No performer is more indelibly linked to the great American movie musical than Shirley Jones. In an extraordinary career spanning more than six decades, Shirley has starred in over thirty motion pictures, including three of the most iconic film musicals of all time. In addition, she won an Academy Award for a starkly dramatic role, played the lead in an immensely popular television series, appeared on Broadway, sang for nine Presidents, married two fiercely talented men, raised three accomplished sons, and is currently helping to nurture ten wildly independent grandchildren. Not bad for a beer salesman’s daughter from a small town in Western Pennsylvania.
Shirley grew up in the shadow of her family brewing company alongside the Youghiogheny River. An only child with a deep love of animals, she had her sights set on becoming a veterinarian, but her timeless beauty and God given talent as a singer led her family to encourage her to pursue a career in show business. At seventeen, Shirley was awarded the title of “Miss Pittsburgh.” At eighteen, after traveling to New York to audition for the chorus of “South Pacific,” she was personally selected by Richard Rogers and Oscar Hammerstein to star in the film version of what was then the most successful and transformative of stage musicals, “Oklahoma.” Under the direction of the great Fred Zinnemann, and playing opposite her childhood crush, Gordon Macrae, Shirley’s star was born.
Shirley appeared (again with Gordon Macrae) in the next Rodgers and Hammerstein masterpiece, “Carousel,” and would complete her turn in the triad of Great American Movie Musicals opposite Robert Preston in Meredith Wilson’s “The Music Man.” Along the way, she caught the attention of actor Burt Lancaster and director Richard Brooks. These men would cast her against type as a prostitute in Sinclair Lewis’ timeless classic “Elmer Gantry.” For her stunning performance, Shirley received the Academy Award as Best Supporting Actress. She was just twenty-five.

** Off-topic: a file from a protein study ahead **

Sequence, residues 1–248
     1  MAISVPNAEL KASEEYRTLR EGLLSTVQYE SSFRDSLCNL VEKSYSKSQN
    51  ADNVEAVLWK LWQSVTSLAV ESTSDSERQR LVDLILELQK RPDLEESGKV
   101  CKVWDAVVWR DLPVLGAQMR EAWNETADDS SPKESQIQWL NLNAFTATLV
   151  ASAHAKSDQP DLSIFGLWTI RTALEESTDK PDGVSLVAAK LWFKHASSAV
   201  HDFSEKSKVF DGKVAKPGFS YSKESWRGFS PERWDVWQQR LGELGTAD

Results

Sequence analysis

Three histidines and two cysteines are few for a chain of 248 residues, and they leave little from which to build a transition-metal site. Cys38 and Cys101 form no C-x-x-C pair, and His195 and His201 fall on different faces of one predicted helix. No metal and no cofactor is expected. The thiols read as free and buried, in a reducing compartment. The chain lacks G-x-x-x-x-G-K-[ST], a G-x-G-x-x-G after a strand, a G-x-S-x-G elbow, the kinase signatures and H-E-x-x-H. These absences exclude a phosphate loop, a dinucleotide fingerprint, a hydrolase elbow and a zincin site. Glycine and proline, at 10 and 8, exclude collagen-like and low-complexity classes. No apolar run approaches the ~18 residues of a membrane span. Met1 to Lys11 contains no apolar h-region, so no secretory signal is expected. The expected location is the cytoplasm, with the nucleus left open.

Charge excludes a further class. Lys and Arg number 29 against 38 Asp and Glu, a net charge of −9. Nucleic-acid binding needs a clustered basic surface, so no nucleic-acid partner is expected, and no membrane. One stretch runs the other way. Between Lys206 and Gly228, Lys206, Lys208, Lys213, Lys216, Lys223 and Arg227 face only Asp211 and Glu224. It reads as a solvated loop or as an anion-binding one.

After playing the female lead in a number of popular films including “The Courtship of Eddie’s Father” with Glenn Ford, “Bedtime Story” with Marlon Brando and David Niven, “Never Steal Anything Small” with James Cagney, and “The Cheyenne Social Club” with James Stewart and Henry Fonda, Shirley longed to spend more time at home with her children. When the offer came to star in half hour television series about a musical family, Shirley jumped at the chance. “The Partridge Family” is one of the most beloved and fondly remembered television shows of the nineteen seventies. In it, Shirley played Shirley Partridge, widowed mother of five who dispensed wisdom and backing vocals in equal measure. Alongside the character of her eldest son (played by real life stepson David Cassidy), Shirley enjoyed the kind of pop culture success she’d rarely seen in her motion picture career, highlighted by the release of hit songs like “I Think I Love You” and “Come On, Get Happy.”
￼ After starring in a number of successful television movies throughout the nineteen eighties and nineties, and making recurring appearances on series such as “Raising Hope” and “The Drew Carey Show” (as Drew Carey’s girlfriend!) Shirley ventured back to films with the broad comedy “Grandma’s Boy” (produced by Adam Sandler), and made a triumphant return to Broadway opposite her son, Patrick, in “42nd Street.” Shirley is thrilled to be working with Patrick again, and as the woman President Reagan graciously dubbed the “First Lady of American Song,” she is truly grateful to the people of this country for always being there for her.